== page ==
Watersheds of the Upper Amazon are often described as among the most remote and pristine ecosystems in Latin America. This position is a-historical and ignored the degree to which the region was profoundly integrated into global commodity markets, geopolitical rivalries ( the “Scramble for the Amazon” of the late 19th and early 20th century), and major labor deployments and migration. The rubber “boom” ( and really it was an economy that lasted more than a century) had durable impacts on regional landscapes that we outline more genrally, and document for the Putumayo.
While we use rubber as an inclusive term, the market for latexes at the Boom time exploited a range of latex producing plants, including the 3000 year domesticate, “Caucho” or Castilla sp. While distributed throughout the basin, it was especially economically important on the Putumayo River, where its latex was extracted by killing the tree.. This study uses historical documents about the production of the Putumayo, the area, intensity and spatial location of Caucho extraction within the watershed. Through sale records, tax documents, production data and locational data from the firm and related documents that came to light during the trials of the Arana corporation and those of Roger Casement, we have derived a significant deforestation pulse associated with the extraction of Castilla latex in the Putumayo. Using remote sensing data we can compare the carbon dynamics in areas that were intensively harvested, versus those that were not exploited, and show that what is often taken as mature forest is secondary. We have also examined species compositions in used and unused sites.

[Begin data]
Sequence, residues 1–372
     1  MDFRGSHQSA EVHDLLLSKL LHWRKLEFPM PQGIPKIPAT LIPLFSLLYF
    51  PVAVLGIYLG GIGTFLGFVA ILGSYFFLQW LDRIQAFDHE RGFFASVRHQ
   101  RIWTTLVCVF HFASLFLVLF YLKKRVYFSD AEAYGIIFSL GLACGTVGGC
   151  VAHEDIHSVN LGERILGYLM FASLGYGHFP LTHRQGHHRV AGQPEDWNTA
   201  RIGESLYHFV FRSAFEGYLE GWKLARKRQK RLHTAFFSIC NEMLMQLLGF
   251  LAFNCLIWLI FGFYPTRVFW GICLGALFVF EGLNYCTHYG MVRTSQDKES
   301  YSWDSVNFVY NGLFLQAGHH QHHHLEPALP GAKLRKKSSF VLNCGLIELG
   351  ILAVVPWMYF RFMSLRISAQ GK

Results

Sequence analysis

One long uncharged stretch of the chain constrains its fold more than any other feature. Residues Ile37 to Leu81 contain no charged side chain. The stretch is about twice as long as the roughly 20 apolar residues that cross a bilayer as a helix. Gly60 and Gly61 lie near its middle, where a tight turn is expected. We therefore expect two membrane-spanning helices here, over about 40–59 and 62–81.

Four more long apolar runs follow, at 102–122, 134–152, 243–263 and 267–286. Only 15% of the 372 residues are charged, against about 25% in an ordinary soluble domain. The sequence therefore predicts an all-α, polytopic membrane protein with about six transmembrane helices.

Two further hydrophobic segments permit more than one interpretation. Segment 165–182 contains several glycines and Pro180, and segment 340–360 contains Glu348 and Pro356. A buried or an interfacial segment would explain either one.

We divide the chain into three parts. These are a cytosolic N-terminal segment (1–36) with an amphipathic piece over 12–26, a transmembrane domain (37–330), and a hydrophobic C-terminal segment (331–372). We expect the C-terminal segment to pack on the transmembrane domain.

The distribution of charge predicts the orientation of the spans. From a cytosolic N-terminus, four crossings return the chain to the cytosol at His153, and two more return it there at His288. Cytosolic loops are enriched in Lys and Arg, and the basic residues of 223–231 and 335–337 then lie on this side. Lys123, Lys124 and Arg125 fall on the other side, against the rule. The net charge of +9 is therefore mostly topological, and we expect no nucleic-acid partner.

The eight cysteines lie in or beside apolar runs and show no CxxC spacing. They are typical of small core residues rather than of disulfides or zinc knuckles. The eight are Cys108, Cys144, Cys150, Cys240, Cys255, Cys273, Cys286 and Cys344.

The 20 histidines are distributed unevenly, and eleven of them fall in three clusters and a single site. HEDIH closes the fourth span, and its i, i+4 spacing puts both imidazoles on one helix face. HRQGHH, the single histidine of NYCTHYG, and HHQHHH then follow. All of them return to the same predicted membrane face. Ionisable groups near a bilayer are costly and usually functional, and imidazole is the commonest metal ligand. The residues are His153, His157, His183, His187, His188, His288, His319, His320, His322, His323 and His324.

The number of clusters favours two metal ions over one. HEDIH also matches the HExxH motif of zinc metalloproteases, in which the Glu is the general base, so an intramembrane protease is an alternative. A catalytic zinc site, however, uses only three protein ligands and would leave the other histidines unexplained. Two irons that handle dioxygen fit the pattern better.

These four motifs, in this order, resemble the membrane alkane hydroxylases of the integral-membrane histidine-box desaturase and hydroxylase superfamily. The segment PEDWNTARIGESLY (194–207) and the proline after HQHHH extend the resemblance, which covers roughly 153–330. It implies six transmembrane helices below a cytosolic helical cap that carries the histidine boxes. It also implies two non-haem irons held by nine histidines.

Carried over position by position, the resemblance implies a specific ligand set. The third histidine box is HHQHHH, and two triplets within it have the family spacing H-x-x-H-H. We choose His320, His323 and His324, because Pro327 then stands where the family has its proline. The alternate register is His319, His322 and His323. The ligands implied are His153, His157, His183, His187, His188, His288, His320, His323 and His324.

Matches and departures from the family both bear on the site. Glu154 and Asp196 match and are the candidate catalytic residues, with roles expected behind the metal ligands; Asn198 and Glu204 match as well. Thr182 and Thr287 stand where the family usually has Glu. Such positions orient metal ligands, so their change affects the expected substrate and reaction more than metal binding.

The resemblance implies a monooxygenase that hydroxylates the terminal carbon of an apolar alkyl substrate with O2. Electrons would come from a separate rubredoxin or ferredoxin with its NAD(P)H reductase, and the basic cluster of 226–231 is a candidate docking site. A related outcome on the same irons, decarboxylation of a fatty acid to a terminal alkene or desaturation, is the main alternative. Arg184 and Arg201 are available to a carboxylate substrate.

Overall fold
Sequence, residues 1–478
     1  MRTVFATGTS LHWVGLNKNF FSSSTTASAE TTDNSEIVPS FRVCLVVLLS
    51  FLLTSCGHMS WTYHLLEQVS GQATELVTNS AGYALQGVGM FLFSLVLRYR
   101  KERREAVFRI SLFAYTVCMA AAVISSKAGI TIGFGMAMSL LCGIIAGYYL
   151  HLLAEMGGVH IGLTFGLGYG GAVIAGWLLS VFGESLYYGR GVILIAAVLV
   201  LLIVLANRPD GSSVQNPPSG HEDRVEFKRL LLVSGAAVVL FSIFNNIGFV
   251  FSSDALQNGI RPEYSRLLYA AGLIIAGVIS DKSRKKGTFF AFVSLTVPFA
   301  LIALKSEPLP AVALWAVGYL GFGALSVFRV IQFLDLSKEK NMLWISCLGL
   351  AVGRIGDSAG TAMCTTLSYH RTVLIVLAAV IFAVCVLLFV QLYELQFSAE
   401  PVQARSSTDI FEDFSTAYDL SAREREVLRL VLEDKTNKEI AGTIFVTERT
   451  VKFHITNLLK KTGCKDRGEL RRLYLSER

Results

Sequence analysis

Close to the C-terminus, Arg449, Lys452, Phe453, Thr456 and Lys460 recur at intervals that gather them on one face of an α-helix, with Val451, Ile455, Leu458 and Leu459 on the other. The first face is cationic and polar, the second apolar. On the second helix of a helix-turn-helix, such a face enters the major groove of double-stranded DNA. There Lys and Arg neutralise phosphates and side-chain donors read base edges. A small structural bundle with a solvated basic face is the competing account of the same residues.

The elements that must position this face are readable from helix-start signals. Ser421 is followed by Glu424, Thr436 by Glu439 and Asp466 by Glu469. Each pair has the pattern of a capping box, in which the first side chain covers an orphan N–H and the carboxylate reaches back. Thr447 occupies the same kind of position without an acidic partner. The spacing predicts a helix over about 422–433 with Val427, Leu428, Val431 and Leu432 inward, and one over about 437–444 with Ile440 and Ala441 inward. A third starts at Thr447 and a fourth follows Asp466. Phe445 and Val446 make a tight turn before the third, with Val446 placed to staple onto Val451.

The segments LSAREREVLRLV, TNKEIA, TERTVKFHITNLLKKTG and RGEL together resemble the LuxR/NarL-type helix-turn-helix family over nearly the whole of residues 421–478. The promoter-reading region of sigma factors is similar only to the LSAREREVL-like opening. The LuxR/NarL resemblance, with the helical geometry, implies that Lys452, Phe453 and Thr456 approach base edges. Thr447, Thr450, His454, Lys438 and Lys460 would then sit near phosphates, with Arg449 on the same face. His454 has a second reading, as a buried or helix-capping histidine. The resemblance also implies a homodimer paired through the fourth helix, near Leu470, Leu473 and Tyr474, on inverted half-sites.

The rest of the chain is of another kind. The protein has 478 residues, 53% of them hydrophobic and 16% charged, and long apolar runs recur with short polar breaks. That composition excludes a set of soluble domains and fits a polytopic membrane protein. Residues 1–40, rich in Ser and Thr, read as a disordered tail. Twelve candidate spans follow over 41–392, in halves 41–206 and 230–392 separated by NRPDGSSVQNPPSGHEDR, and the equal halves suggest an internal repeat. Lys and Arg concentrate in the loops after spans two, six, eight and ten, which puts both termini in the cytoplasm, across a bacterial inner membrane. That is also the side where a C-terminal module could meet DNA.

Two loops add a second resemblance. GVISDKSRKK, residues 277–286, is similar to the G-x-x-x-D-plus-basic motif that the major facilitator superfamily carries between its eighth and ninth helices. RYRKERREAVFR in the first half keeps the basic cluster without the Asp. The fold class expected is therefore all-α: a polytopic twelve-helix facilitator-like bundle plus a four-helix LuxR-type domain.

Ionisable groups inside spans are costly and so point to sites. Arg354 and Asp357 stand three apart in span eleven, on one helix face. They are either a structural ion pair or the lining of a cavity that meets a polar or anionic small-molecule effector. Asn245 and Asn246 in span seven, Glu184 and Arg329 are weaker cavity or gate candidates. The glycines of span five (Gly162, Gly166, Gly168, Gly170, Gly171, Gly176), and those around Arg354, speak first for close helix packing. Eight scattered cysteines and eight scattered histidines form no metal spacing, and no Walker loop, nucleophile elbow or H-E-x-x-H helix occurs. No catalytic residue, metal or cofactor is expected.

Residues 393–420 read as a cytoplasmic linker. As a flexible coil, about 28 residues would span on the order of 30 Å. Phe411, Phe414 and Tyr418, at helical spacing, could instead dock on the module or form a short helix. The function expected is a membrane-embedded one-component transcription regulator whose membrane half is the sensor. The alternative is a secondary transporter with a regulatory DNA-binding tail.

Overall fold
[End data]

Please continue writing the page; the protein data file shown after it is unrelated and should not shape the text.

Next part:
Our results show that this area experienced several kinds of deforestation ranging from agriculture, wood for steam and especially from deforestation for Caucho latex, a level of environmental impact that rival current selective logging effects, and thus contribute at non trivial levels to the carbon load of the early 20th century.
This study adds to an emerging literature on “deforestation before modern deforestation”, and places the rubber boom within a more complex set of socio-ecological processes. It helps debunk the idea of a “world lost from time” and integrates this region into a broader understanding of historical environmental impacts of what is often portrayed as an untrammeled landscape